Hawaii’s Lantern Floating Ceremony Is The Largest Memorial Day Observance

Lantern Floating Hawaii

The largest Memorial Day observance in the United States happens on the beach in Honolulu, Hawaii with the Lantern Floating Hawaii 2015 ceremony, presented by Shinnyo-en, an international Buddhist community with Japanese roots, and the locally based Nā Lei Aloha Foundation. 

The ceremony takes place on Memorial Day, May 25, 2015. It is non-denominational and free to the public to attend.  More than 50,000 participants will set afloat 6,000 candle-lit lanterns that bear remembrances and prayers to illuminate the shores of Honolulu’s Ala Moana Beach at sunset. Themed “Many Rivers, One Ocean,” the annual Lantern Floating Hawaii ceremony provides an opportunity for thoughts and prayers from around the globe to create a moment of collective remembrance, harmony and international friendship.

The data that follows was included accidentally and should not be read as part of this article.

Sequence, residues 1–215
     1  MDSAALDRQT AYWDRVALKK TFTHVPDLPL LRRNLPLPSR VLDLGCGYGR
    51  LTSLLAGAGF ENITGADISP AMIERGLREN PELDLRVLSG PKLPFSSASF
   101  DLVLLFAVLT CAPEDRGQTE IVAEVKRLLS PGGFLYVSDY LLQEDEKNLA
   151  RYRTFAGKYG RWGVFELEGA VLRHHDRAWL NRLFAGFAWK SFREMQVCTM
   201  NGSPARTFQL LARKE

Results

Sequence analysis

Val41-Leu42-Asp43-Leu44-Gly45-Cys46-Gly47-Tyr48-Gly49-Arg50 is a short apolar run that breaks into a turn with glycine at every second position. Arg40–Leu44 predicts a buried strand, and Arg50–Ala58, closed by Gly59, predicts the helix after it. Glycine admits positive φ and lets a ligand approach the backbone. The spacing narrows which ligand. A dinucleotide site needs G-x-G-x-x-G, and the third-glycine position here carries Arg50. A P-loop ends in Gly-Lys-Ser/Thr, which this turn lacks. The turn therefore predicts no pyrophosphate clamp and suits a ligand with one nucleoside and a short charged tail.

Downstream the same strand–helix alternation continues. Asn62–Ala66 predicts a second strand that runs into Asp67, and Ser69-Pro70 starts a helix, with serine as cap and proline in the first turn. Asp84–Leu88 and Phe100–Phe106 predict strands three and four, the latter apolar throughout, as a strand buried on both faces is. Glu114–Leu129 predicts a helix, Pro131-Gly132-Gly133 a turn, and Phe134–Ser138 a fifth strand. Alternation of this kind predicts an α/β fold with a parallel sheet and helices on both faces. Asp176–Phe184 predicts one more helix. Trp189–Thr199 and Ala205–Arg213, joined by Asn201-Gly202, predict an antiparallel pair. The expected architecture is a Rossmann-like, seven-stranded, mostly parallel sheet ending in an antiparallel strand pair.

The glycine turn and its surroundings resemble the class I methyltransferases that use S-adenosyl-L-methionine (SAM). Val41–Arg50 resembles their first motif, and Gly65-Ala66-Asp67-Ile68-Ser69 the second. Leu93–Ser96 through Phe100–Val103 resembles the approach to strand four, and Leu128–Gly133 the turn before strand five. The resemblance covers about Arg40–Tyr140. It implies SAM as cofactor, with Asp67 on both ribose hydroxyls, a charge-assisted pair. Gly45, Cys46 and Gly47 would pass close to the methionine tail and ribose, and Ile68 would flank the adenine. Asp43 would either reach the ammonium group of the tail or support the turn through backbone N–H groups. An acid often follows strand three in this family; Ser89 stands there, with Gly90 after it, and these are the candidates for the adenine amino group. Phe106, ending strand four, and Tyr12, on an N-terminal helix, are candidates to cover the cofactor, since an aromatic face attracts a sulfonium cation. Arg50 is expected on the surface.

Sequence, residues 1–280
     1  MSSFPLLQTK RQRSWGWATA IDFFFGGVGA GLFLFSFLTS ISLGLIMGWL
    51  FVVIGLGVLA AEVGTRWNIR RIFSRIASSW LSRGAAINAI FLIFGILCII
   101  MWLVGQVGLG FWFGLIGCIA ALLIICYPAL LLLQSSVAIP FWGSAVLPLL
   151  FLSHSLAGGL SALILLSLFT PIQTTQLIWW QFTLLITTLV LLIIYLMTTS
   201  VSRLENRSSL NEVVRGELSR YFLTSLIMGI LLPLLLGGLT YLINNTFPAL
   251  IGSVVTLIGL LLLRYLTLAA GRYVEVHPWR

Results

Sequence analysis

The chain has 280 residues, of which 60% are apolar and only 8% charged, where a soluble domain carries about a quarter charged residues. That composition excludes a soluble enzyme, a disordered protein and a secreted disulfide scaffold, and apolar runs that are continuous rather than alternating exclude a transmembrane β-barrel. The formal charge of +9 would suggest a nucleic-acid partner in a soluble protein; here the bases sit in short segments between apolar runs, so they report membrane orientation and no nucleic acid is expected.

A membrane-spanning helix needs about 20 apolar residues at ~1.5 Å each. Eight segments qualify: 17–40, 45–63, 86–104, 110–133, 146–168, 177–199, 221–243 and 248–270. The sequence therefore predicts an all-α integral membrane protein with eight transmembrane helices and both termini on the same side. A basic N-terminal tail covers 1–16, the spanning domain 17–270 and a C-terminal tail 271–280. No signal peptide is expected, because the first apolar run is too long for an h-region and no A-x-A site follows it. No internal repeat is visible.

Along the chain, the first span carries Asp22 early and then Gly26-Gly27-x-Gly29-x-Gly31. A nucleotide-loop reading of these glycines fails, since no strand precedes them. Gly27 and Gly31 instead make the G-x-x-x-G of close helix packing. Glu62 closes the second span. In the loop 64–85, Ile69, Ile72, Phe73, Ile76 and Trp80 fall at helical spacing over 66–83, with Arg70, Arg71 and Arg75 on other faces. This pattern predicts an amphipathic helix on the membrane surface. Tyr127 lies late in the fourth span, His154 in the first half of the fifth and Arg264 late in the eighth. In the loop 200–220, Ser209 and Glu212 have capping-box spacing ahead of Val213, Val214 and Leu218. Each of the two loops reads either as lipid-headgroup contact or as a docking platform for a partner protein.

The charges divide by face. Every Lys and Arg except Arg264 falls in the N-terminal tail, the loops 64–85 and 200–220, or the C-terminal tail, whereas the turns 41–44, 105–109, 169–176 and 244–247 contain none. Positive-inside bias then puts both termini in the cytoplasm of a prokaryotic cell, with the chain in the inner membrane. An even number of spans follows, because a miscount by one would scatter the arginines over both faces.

As a result of the recent earthquakes in Nepal, prayers will be offered for the thousands of lives lost in that tragedy and for all afflicted people who struggle every day.  Shinnyo-en’s presence in Asia allowed them to quickly come to the aid of the Nepalese moments after the earthquakes, providing an ambulance, donating relief supplies, and coordinating with international and local organizations.

The lantern floating ceremony is observed from dusk to sunset on Memorial Day, and is officiated by the head priest of the Shinnyo Buddhist community, Her Holiness Shinso Ito. The ceremony starts with the sounding of the conch shell to the North, East, South and then West and includes diverse cultural and spiritual rituals and entertainment such as traditional Taiko drums, hula dance and orchestral music. Leading up to the mass lantern floating, Shinso Ito performs a ceremonial lighting of the Light of Harmony with honorable guests.

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